“You just had to look at him, and it was magical,” she added, and others agree. Goena more or less took over city rec folk dance just as a big generation of free spirits arrived, ready for bagpipe and flute music (perhaps conditioned by the Beatles). Soria, the daughter of hiker/naturalist Dick Smith, was dragged into folk dancing by her daughter just as the dancing hordes invaded down the hill from the old Jefferson School campus, where Goena taught one hour and then danced for the second — creating the Palm Park Sundays, which became a hippie ritual, dancing between the ocean and curious tourists from afternoon ’til dusk. A lot of professional people came, too; whole families joined in. “There was just something about the music,” said Soria, who now sets up music at the surviving Wednesday night. “I’m Scandinavian, so it wasn’t that kind of family thing.”
“I didn’t feel there was a culture for me until this music grabbed me,” said Leslie Griffin, a financial management person at UCSB. Like others, Griffin saw Goena as an urban peasant — she traveled with him and others to Europe, Greece, and Crete. There, she was present at the moment where Goena learned how to make goat cheeses; he also learned to make wine. The man who was born and raised in Santa Barbara behaved like he was stepping out of a meadow in Macedonia — the appeal to young people disaffected with America’s plastic grown-up culture was obvious. Goena’s oldest son, David, was also there in Greece, when Goena called himself in retired to the phone company. He was more at home in the old world.
When Sunday dancing ended, it might have been due to an impolitic remark Goena had made, according to some. The art show had grown, and dancers in dwindling numbers found themselves squished between soccer players and the burgeoning drum circle. Somebody yelled at somebody else, the drummers wanted the music turned down. The era ended in the early 1980s, though folk dancing lived on, and Goena always turned up. He hated the idea of CDs for the music; he sometimes put on an extremely macho posturing when the wine and the music had blended too strong. “He used to stand there and beat on his chest,” giggled one of the longtime dancers.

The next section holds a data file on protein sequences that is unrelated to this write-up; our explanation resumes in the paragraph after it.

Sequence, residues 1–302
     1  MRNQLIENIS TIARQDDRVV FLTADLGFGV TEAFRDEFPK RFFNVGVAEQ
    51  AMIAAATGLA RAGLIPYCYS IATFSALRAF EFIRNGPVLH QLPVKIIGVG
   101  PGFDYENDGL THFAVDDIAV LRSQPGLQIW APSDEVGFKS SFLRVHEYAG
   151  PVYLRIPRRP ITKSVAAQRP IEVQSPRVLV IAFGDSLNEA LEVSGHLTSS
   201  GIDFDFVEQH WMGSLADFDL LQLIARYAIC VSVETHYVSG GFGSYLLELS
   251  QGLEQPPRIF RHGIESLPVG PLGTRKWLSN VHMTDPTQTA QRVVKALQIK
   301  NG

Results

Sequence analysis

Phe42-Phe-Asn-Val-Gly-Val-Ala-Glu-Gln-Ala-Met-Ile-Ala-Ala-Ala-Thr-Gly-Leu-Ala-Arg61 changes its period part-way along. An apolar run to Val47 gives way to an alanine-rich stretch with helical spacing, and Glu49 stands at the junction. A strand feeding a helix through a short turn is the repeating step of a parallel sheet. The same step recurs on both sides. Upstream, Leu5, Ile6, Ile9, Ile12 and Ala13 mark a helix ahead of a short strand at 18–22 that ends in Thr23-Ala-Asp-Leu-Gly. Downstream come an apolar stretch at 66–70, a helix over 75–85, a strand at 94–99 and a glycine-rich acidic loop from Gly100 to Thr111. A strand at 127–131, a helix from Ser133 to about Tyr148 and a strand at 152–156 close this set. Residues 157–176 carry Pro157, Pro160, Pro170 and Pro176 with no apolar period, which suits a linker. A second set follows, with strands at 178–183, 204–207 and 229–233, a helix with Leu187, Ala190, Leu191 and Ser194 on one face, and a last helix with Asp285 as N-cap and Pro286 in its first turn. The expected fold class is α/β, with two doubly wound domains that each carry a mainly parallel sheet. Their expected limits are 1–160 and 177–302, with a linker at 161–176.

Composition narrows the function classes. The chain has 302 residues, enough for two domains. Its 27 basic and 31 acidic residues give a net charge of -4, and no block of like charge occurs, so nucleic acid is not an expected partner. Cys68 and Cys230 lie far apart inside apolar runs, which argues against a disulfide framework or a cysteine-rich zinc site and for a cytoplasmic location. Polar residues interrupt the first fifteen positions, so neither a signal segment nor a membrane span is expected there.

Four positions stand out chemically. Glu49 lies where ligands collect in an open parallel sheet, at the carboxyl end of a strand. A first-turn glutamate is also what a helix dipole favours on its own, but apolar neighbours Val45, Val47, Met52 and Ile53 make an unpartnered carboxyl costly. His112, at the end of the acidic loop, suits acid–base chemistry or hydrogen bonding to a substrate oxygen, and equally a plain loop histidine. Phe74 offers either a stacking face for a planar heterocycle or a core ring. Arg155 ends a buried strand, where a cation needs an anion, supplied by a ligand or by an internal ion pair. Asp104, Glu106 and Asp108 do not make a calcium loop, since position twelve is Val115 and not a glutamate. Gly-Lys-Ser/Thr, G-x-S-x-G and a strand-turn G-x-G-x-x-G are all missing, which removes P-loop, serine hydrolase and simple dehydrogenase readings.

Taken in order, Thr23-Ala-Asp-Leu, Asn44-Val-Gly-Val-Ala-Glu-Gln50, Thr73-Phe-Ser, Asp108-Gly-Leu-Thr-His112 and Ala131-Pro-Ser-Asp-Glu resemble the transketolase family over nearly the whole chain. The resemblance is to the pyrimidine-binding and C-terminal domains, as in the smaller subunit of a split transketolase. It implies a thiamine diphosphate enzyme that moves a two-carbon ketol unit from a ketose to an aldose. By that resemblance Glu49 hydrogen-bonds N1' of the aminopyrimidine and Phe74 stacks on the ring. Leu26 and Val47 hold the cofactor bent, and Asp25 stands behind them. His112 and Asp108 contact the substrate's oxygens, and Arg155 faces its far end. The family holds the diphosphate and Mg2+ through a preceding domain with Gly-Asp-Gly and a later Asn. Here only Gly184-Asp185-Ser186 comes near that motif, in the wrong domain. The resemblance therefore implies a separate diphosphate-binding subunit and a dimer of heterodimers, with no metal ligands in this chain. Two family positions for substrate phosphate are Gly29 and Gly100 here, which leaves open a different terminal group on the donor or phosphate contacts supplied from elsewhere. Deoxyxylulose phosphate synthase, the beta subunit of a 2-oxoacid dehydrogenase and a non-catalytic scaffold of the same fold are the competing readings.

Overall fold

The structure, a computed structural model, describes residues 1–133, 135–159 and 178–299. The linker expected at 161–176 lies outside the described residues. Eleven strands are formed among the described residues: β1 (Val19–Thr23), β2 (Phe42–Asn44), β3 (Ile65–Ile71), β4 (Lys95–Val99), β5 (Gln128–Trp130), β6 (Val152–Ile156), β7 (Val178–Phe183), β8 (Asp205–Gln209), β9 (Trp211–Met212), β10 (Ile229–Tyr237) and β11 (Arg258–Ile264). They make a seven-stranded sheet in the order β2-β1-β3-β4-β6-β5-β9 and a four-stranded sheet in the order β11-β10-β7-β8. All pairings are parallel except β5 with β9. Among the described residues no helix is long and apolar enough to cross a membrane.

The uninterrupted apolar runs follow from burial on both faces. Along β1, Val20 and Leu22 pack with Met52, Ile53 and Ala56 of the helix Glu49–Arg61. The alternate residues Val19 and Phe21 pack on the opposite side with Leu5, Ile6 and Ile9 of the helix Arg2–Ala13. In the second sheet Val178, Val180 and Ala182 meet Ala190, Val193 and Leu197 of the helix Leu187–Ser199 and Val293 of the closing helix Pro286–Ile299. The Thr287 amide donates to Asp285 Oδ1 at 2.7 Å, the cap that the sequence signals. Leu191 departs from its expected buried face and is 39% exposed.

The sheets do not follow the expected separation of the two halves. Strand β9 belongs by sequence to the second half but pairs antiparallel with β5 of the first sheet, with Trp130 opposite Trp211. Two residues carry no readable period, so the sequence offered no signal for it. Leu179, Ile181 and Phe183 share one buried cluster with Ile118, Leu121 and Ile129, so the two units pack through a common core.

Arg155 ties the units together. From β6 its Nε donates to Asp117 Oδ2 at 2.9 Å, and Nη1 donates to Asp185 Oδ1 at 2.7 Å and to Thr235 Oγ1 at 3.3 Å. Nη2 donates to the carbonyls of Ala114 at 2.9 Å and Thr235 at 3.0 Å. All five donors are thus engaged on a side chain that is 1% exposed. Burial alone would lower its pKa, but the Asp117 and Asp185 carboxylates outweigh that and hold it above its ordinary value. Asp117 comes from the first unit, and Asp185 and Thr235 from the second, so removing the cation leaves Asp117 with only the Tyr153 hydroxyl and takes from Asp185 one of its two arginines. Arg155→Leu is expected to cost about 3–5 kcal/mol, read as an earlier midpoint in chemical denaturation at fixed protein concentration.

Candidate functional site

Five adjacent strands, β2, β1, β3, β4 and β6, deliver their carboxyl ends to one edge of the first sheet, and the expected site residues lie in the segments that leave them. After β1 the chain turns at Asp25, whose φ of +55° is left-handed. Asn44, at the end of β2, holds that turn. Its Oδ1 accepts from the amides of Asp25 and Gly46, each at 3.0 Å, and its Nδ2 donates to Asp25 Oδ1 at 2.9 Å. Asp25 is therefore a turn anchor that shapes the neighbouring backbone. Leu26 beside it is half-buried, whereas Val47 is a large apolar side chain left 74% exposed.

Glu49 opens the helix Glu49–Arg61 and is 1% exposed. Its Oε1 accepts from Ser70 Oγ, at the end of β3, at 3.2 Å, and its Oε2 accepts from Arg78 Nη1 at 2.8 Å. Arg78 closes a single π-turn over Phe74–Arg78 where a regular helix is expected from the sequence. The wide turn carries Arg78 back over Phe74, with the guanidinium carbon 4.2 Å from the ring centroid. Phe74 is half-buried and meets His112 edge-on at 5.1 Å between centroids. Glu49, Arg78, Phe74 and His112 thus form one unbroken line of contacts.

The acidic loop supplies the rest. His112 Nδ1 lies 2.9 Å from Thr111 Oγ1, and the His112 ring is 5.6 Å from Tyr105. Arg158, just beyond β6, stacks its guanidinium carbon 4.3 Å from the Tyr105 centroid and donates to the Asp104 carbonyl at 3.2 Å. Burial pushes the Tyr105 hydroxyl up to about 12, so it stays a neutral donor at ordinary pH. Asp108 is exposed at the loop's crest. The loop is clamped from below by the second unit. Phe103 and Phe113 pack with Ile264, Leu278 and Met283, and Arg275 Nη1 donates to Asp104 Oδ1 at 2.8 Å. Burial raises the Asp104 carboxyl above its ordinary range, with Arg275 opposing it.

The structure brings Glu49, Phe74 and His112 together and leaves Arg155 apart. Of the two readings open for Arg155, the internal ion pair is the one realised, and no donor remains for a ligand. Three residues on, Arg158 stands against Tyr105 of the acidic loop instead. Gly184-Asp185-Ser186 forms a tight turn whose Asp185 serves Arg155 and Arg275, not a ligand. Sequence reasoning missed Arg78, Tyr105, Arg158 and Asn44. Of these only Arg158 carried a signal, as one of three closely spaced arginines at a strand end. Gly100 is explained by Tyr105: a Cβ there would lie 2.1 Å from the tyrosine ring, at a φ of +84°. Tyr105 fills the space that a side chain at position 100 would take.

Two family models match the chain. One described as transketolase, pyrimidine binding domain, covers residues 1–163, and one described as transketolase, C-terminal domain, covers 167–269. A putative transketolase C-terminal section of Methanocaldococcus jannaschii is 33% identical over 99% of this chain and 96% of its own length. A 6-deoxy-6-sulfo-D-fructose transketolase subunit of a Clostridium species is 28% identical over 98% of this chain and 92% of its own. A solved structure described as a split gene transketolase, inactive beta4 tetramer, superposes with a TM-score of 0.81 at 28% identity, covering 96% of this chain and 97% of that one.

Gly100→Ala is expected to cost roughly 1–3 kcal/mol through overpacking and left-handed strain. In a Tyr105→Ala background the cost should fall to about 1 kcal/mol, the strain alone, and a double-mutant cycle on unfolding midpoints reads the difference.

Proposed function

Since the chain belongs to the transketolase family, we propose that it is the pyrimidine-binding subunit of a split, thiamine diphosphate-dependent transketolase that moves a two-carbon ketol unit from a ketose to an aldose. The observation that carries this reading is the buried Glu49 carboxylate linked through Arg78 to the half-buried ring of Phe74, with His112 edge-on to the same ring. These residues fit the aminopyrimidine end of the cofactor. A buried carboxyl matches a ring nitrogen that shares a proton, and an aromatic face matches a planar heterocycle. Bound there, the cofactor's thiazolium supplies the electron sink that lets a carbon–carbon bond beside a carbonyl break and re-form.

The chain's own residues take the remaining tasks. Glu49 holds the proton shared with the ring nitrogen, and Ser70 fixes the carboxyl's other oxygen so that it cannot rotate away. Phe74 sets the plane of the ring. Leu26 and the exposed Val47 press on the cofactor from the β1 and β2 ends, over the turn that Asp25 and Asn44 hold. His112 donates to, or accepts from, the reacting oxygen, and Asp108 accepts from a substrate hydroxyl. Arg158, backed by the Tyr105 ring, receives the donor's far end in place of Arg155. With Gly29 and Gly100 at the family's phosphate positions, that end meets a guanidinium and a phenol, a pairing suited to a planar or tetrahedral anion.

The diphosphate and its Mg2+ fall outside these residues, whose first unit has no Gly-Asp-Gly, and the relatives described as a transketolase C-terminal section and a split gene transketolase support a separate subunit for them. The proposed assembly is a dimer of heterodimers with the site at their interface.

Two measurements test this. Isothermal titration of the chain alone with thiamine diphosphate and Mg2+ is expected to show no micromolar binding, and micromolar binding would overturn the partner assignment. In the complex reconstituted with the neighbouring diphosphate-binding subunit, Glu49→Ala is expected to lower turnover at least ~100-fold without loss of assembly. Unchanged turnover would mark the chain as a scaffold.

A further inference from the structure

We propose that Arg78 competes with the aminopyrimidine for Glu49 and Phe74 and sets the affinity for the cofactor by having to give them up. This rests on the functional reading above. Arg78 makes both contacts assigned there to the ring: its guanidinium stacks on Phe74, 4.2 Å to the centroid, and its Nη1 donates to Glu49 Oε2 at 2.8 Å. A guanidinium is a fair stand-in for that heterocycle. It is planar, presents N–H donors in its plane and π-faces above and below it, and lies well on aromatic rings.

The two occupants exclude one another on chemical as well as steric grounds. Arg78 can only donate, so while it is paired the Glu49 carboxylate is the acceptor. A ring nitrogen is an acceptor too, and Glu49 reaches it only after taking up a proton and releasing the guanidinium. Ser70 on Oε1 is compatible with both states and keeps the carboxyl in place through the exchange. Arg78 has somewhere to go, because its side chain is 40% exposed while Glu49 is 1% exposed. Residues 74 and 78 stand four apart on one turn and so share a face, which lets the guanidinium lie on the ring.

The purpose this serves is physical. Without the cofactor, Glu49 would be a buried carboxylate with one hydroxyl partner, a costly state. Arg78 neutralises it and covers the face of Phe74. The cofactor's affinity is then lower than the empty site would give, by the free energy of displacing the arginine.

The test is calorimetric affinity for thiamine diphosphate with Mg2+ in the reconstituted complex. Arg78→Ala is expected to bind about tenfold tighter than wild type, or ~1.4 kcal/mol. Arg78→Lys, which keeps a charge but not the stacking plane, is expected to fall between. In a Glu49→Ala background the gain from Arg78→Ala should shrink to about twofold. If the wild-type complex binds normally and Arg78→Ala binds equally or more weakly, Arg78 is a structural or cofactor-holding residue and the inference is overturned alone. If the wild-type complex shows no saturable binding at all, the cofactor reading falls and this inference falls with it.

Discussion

“He was my friend, and he was my boss,” said Soria, who helped Luis in his later life with properties and goats, dismissing claims he could be a little distant. “Luis was a fabulous teacher. He was always encouraging. He made a big difference in people’s lives. A lot of people came to me and said they didn’t do drugs because they had folk dancing.”
“Being inclusive was a hallmark of folk dancing in Santa Barbara,” said Griffin. “And that was the best thing about folk dancing; it’s so social,” she added. It was something you didn’t need a partner for but could still have you socializing with very kindred spirits, a party grown smaller, at least by one now. “I’m going to miss Luis every day of my life,” said Griffin. “If he hadn’t lived such a full life, I would be sad. But that wasn’t Luis’s way. If he was alone, he would call somebody to come over and drink some wine with him.”
“I feel like every time I thought about Luis, he would call me,” said Soria.
“Yeah,” said Bardini. “It seemed like he would always call.”
The Celebration of Life for Luis Goena will be held on Saturday, April 19. Friends and dancers are welcome to join at the Oak Park dance platform at 6 p.m.